“A YOUNG WRITER OF IMMENSE GIFTS . . . One of the best books I have ever read about contemporary life in the mountains of southern Appalachia. . . . I could see and feel Free Creek, and the mountain above it.”–LEE SMITHAfter his mother is killed, ...
r> After his mother is killed, four-year-old Clay Sizemore finds himself alone in a small Appalachian mining town. At first, unsure of Free Creek, he slowly learns to lean on its residents as family. There’s Aunt Easter, who is always filled with a sense of foreboding, bound to her faith above all; quiltmaking Uncle Paul; untamable Evangeline; and Alma, the fiddler whose song wends it way into Clay’s heart. Together, they help Clay fashion a quilt of a life from what treasured pieces surround him. . . .
“A long love poem to the hills of Kentucky. It flows with Appalachian music, religion, and that certain knowledge that your people will always hold you close. . . . Like the finely stitched quilts that Clay’s Uncle Paul labors over, the author sews a flawless seam of folks who love their home and each other.” –Southern Living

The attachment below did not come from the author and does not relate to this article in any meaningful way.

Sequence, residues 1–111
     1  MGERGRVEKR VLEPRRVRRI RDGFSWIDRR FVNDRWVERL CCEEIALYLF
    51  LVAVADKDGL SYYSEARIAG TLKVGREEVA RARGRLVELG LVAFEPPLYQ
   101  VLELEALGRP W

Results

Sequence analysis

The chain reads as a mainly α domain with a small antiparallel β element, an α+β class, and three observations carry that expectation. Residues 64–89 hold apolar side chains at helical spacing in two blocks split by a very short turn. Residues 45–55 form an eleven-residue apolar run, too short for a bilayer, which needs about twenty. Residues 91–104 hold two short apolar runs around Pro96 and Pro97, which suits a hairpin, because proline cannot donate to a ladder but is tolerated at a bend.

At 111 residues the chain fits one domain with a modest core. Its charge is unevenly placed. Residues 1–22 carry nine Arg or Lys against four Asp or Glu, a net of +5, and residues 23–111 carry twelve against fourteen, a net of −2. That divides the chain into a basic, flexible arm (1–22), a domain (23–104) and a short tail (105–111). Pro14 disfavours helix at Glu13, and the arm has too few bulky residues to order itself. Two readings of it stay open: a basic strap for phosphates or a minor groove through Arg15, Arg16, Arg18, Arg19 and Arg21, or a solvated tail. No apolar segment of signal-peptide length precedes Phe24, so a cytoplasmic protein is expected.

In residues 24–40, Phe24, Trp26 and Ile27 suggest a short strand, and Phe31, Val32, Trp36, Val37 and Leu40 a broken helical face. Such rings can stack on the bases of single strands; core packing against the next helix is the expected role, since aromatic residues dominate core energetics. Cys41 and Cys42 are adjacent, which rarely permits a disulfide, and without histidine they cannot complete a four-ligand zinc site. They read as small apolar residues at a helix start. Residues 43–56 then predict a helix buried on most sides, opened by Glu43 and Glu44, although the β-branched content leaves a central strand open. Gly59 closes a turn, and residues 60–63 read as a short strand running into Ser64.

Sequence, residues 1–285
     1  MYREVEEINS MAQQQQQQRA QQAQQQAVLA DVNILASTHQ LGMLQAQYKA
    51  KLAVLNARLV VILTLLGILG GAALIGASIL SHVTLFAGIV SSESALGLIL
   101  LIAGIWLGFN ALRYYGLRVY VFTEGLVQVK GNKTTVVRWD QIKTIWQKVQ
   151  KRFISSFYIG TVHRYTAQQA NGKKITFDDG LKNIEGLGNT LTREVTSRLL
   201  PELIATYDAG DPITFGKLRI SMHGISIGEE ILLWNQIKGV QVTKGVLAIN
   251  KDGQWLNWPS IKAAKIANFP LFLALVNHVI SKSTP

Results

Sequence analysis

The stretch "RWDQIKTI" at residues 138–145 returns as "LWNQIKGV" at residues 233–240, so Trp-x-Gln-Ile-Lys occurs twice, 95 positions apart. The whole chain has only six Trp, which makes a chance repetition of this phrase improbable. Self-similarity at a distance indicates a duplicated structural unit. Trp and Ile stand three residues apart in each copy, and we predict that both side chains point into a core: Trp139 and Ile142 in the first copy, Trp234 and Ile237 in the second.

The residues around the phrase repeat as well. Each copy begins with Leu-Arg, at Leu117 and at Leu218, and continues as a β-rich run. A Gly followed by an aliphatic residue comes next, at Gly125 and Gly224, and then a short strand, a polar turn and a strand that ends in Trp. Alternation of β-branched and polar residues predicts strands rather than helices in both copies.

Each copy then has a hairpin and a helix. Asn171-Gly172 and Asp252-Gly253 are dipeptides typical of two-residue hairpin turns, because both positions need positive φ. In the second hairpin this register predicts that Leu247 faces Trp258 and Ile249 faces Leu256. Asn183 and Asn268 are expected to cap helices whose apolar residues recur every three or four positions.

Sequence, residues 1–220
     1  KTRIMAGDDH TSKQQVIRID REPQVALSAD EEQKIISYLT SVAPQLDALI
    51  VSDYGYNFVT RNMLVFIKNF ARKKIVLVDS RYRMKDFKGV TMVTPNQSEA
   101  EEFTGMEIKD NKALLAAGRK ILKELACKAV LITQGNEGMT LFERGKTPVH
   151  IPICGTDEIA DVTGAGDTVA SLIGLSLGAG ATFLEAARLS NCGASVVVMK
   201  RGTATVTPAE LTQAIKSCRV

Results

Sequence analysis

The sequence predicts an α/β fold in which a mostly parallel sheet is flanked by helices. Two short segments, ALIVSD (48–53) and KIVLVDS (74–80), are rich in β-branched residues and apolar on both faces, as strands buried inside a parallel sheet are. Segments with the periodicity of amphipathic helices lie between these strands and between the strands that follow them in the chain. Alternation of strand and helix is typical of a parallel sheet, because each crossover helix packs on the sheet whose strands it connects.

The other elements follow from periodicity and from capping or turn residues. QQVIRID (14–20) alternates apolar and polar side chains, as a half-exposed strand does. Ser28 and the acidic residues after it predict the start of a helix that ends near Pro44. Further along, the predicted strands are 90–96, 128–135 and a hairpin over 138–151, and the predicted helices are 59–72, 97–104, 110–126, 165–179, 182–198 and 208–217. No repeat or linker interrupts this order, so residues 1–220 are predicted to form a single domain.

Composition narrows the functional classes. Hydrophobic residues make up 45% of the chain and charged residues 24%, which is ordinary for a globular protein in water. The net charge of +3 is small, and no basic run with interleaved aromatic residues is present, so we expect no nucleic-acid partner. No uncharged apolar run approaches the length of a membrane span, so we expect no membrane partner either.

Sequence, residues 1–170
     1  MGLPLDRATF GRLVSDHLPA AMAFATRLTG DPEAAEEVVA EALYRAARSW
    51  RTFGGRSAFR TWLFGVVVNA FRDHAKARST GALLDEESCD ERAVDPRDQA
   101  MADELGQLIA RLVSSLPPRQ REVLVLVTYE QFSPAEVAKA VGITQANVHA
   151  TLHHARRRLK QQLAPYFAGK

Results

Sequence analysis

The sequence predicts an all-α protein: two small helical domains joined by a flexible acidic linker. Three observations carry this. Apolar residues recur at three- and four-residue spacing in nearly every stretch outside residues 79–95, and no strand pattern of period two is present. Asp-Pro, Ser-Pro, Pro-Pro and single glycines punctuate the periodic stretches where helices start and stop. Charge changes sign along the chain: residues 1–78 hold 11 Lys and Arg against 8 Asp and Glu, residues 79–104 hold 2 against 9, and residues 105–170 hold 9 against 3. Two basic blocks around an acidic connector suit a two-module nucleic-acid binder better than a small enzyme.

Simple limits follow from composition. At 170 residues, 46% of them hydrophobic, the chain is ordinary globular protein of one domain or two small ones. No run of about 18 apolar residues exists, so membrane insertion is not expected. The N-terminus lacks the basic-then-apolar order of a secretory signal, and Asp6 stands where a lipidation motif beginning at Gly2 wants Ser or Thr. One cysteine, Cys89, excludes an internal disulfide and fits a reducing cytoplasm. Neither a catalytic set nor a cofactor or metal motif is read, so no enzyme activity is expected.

“Unpretentious and clear-eyed . . . A tale whose joys are as legitimate as its sorrows.” –The Roanoke Times
I am a fan of Appalachia regional literature but this book was a disappointment. If it wasn't for the fact that I was reading it for a book club I would have quit reading it. The regional descriptions were nice but the story itself was just veryI am a fan of Appalachia regional literature but this book was a disappointment. If it wasn't for the fact that I was reading it for a book club I would have quit reading it. The regional descriptions were nice but the story itself was just very boring....Continua Nascondi